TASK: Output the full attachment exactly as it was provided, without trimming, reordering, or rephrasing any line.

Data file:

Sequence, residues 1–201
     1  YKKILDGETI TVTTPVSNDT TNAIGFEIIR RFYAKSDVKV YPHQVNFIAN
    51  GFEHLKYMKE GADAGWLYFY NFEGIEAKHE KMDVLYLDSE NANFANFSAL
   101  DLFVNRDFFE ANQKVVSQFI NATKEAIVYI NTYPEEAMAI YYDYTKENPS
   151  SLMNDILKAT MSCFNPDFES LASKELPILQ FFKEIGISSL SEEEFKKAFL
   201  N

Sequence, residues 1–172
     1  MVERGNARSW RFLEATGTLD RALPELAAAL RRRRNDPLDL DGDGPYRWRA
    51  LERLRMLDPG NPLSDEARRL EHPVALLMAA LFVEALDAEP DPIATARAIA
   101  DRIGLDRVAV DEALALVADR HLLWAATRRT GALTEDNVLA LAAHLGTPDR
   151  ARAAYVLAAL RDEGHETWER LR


Sequence, residues 1–201
     1  YKKILDGETI TVTTPVSNDT TNAIGFEIIR RFYAKSDVKV YPHQVNFIAN
    51  GFEHLKYMKE GADAGWLYFY NFEGIEAKHE KMDVLYLDSE NANFANFSAL
   101  DLFVNRDFFE ANQKVVSQFI NATKEAIVYI NTYPEEAMAI YYDYTKENPS
   151  SLMNDILKAT MSCFNPDFES LASKELPILQ FFKEIGISSL SEEEFKKAFL
   201  N

Sequence, residues 1–172
     1  MVERGNARSW RFLEATGTLD RALPELAAAL RRRRNDPLDL DGDGPYRWRA
    51  LERLRMLDPG NPLSDEARRL EHPVALLMAA LFVEALDAEP DPIATARAIA
   101  DRIGLDRVAV DEALALVADR HLLWAATRRT GALTEDNVLA LAAHLGTPDR
   151  ARAAYVLAAL RDEGHETWER LR